I've written several times previously about encryption. I've had a
public key for several
years now, but haven't used it too much. It's been signed by lots of people, giving
it fairly good provenance. I sign the occasional email, but there are few people
I would send anything encrypted. At Herts LUG
last week a friend of a friend came along, partly to do some keysigning. I was not
well organised and didn't manage to print off my whole key signature, so I'm not sure
he's going to sign mine, but I signed his and emailed it back to him.
Part of the reason I've not been encrypting or signing is due to problems getting this
working in Kmail. Since I did my recent fresh install
it hadn't been working, but it is now thanks to some help I got from
Ubuntu Stack Exchange,
a welcome addition to the Q&A network. I still feel that encryption is still a bit technical for
the average user. If it's not used correctly then will be getting a false sense of security.
Encryption would be used more if integrated into more of the email tools people use.
I didn't realise that Gmail had
with signature verification last year, but it doesn't look like they decided to keep it. That's a shame, as
is the end of development of FireGPG,
a browser plug-in I looked at a while back. We all rely on encryption to secure financial transactions on
the internet, but few seem interested in the possibilities of secure communication and the ability to
verify their identity. I wonder if the growth of Facebook and other systems is moving people away from
conventional email. I know that spam could put me off if I was starting now.
Back at Herts LUG, we had an interesting demonstration by Malc of installing Sidux
using the latest GRUB facilities to boot an ISO image directly from a hard drive. It didn't all quite work, but
the principle was proved. He made it hard for himself by using an ancient PC that wouldn't boot from anything
other than a floppy. I also had my first hands-on with an iPad. A slick device, but not one I'm desperate for.
You read more on the owner's experiences on his 'flog'.
The internet is full of all sorts of servies that can make our digital lives easier.
One problem is just finding out which exist that are actually useful. Here's a couple I've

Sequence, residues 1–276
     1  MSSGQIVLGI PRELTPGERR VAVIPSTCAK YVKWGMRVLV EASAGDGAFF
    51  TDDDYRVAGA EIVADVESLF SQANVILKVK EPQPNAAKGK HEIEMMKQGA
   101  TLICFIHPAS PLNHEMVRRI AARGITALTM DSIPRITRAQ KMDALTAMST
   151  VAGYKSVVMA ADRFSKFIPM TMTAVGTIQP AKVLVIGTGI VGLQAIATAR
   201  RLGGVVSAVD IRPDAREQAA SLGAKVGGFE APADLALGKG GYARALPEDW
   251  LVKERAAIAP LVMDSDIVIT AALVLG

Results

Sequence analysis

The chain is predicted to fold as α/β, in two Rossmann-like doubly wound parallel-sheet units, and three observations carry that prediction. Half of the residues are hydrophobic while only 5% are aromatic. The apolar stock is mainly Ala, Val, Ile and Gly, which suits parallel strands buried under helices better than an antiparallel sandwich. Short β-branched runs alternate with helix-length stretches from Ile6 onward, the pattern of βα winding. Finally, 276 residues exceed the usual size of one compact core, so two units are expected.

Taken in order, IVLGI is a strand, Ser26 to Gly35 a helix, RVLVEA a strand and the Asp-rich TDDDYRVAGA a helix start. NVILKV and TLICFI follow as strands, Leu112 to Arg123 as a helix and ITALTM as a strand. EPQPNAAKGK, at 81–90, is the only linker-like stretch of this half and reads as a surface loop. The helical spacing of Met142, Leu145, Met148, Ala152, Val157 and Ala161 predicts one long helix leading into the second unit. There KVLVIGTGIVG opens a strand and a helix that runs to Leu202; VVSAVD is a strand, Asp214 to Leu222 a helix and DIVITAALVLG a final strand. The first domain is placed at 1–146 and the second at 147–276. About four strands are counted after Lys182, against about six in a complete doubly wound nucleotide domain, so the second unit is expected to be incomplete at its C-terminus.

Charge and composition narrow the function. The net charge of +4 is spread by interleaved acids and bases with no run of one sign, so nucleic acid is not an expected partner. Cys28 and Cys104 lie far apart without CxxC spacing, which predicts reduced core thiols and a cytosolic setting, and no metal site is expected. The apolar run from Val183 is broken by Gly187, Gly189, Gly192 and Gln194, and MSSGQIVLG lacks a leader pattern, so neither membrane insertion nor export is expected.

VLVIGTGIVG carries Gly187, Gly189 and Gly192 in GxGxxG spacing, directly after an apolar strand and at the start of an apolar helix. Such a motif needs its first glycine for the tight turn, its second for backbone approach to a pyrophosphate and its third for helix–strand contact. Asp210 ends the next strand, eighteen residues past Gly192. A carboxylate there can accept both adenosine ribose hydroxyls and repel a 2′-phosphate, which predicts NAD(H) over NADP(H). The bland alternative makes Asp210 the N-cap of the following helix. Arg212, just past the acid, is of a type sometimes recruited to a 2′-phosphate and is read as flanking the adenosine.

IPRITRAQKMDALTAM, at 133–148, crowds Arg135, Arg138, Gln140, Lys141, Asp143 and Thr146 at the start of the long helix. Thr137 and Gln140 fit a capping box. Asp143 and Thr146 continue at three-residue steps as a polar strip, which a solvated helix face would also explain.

started using lately.
I've got loads of passwords for all the different sites I use. I've tried various apps
on my PDAs and phones so that I can have them with me. These store them encrypted with a
master password. The KeePass file
format is supported by apps on just about any platform. I've used the same file on
Windows Mobile, Linux and Android. This still leaves you having to look up the passwords
each time you need them and type them in. I recently read about
LastPass which does a similar thing, but stores the
encrypted file on-line and allows access via browser plug-ins. I've been using it
for a few weeks and it's great. It encourages you to use more secure passwords as
you don't need to remember them or trust them to your browser, which generally stores them
unencrypted. I'm not using it for critical things like banking.
Since my recent hard drive crash I'm thinking more about backup. The main things I lost
are some recent photos and a few documents. The rest was on a USB hard drive. I needed
something that would automate the backing up of new and updated files. I'd been using
Ubuntu One, but the KDE support was a little lacking
and so it didn't get the most recent files. I recovered some files from it.
Dropbox offers a very similar service, with very
similar price plans, but has support for more platforms, including Android.
The free option gives you 2GB, but you can get more by inviting others to join and
by playing with some of the facilities. I only really need a few GB. The 50GB for $10/month
is a bit expensive for my needs. It seems Dropbox and Ubuntu both use Amazon's S3 storage,
so I expect they control the cost. I would hope to see prices drop. Anyway, Dropbox
silently gets on with backing up my files and even keeps old versions in case I mess something
up. If you want to try it then please consider using
this link that will get us both
an extra 250MB.
The other thing I've been playing with is Google's
Chrome/Chromium browser. I've been using Firefox
since it first appeared as Firebird, but fancied a change. Chrome seems to do all I need.
There are a fair number of plug-ins for things like mouse gestures, LastPass, delicious
and other things I use. I'm sure Firefox will develop further, so I'll be keeping an eye on
that. Brownsers are one of the easier apps to move between as there's so little local data,
I don't use much in the way of local bookmarks.
I was disappointed to hear that
Google are dropping Wave.
I've played with it a few times and could see uses for it. In the last week or so
I've been using it for real to plan a trip with some friends from the
Six String Bliss forum. There are not too many
tools that would allow us all to easily update a common 'document' that includes maps
etc. Some listed here,
but I have yet to try any of them.
This is my first post in a couple of months. I need to find time to write and a topic
that justifies it. I hope my loyal reader has not been too bored.